In my day job at the Bank of England, I rely heavily on financial expertise. On my doorstep is the City of London, with as deep a pool of financial expertise as in any city in the world. Yet when I travel around the UK speaking to people about everyday decisions, that financial expertise is often far thinner on the ground.

The evidence bears this out. In the latest OECD survey of adult financial literacy, the UK ranks 17th out of 17, on a level pegging with Albania. This lack of financial knowledge matters — to the everyday decisions of millions of people to the strength of our economy and the stability of our financial system.

Those with low levels of financial literacy tend to make poorer choices about saving and borrowing. This helps explain the problem of under-saving by households, with around 40 per cent of the UK working population having less than £100 set aside. It helps explain the problem of over-borrowing, with almost a third of the population reporting signs of financial distress.

And it contributes to some people being excluded from the financial system, with more than one and a half million people not having a bank account.

These problems of financial health can be a recipe for broader health problems, with those in debt three times more likely to have a mental health disorder.

Improving money skills is a key ingredient in boosting productivity among companies and pay among workers. With both having been laid low for a decade, this is crucial. Improving financial literacy would also help reduce the risk of excessive debts and defaults in the financial system.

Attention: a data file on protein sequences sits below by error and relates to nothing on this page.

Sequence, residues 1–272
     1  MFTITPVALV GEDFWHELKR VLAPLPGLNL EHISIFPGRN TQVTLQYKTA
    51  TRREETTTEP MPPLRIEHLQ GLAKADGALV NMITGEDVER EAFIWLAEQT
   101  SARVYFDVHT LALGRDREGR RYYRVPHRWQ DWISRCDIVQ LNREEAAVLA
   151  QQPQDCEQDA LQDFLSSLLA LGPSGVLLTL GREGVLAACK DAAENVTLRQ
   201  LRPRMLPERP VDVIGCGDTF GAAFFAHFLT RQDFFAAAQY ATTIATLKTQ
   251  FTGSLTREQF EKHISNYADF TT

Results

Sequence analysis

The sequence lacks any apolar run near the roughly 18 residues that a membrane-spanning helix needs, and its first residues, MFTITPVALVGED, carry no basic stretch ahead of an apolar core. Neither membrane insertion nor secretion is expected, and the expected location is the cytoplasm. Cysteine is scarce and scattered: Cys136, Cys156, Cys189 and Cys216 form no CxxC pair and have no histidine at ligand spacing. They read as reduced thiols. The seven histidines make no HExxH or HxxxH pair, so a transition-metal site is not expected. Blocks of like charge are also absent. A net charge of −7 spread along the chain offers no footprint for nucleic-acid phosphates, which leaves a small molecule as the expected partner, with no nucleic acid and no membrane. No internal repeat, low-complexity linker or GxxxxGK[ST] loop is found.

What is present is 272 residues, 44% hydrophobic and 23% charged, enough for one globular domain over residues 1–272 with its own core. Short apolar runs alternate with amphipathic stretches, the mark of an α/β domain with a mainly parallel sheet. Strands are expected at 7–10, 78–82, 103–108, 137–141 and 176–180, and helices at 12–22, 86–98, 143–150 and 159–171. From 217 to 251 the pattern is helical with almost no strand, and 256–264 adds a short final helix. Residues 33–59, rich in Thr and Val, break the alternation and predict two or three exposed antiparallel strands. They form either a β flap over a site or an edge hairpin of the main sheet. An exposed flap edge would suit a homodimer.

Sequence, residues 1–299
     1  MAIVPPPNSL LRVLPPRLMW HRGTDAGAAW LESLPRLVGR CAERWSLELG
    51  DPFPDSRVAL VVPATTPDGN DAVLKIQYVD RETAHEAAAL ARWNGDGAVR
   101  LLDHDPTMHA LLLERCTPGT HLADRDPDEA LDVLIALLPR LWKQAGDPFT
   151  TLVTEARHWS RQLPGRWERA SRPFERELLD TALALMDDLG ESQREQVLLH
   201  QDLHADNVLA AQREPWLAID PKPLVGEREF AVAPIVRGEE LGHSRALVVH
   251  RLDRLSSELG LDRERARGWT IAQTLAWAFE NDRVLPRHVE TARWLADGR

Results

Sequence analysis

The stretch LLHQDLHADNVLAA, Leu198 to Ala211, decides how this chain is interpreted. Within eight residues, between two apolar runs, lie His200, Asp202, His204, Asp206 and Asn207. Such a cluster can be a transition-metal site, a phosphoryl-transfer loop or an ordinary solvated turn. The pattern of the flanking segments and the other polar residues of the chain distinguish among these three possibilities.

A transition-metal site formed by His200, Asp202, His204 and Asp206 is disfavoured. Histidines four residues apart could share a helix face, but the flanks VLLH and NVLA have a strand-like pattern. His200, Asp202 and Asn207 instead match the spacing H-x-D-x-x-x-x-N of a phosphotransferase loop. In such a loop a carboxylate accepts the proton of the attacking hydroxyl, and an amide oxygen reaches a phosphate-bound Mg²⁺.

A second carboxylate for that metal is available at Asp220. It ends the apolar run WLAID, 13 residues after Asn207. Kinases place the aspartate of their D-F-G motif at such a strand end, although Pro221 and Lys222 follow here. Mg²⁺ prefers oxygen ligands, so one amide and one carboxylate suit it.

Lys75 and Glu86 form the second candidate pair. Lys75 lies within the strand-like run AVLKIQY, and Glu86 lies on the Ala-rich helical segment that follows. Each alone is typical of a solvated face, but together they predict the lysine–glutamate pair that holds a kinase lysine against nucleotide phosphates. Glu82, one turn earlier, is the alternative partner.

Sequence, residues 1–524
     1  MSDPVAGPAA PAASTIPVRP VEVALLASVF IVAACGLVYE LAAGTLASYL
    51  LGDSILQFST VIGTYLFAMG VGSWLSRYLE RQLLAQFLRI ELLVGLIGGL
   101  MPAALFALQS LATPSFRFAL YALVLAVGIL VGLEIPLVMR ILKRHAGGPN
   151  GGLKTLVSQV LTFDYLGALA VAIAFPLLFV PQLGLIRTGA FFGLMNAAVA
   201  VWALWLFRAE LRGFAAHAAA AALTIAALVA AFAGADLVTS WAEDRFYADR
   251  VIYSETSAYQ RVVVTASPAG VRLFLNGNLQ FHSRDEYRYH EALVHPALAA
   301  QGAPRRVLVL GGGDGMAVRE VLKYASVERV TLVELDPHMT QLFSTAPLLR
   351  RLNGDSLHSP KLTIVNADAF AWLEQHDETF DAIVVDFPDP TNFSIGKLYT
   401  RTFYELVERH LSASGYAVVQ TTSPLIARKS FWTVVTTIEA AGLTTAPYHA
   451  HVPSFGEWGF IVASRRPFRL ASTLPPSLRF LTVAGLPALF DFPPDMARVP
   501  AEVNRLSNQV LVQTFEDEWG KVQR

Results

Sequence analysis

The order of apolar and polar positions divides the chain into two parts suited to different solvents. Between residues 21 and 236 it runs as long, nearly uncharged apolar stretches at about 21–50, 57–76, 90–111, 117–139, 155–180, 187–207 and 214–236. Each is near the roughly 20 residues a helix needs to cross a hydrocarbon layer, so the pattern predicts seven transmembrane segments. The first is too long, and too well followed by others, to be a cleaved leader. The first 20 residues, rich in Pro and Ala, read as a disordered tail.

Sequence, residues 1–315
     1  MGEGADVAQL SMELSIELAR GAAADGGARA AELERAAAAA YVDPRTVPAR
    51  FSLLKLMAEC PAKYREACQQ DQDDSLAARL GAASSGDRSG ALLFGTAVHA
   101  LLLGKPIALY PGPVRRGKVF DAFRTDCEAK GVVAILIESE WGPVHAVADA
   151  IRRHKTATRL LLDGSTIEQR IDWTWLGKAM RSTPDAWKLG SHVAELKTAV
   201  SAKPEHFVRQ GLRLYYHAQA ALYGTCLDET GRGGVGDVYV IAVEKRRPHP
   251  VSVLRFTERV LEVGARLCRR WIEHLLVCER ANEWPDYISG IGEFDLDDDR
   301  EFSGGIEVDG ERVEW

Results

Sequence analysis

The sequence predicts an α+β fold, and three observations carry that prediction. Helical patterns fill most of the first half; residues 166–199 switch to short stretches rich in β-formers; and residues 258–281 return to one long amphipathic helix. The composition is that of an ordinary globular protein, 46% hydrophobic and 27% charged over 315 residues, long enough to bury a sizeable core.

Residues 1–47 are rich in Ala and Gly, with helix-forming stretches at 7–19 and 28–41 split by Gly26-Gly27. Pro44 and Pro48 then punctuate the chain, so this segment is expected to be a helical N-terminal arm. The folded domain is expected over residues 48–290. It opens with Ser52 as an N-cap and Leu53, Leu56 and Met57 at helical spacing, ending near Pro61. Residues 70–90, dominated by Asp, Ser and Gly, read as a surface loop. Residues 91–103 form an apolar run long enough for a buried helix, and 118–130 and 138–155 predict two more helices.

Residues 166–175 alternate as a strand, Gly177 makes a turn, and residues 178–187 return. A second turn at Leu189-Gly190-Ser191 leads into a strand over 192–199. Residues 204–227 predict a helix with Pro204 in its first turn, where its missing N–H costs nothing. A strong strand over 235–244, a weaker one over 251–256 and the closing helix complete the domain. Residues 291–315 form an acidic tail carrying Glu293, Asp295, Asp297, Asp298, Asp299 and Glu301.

The UK’s financial literacy problems have no single cause. But it is no coincidence that levels of numeracy across the UK are low by international standards and are, if anything, falling further.

A remarkable 17 million adults only have the maths skills of a primary school child. This lack of number sense is a weak foundation upon which to build good financial sense. That is why today — the second National Numeracy Day organised by the charity of the same name — is so important. It is a call to arms about the need to tackle numeracy and financial literacy.

Read the rest of the article at the Evening Standard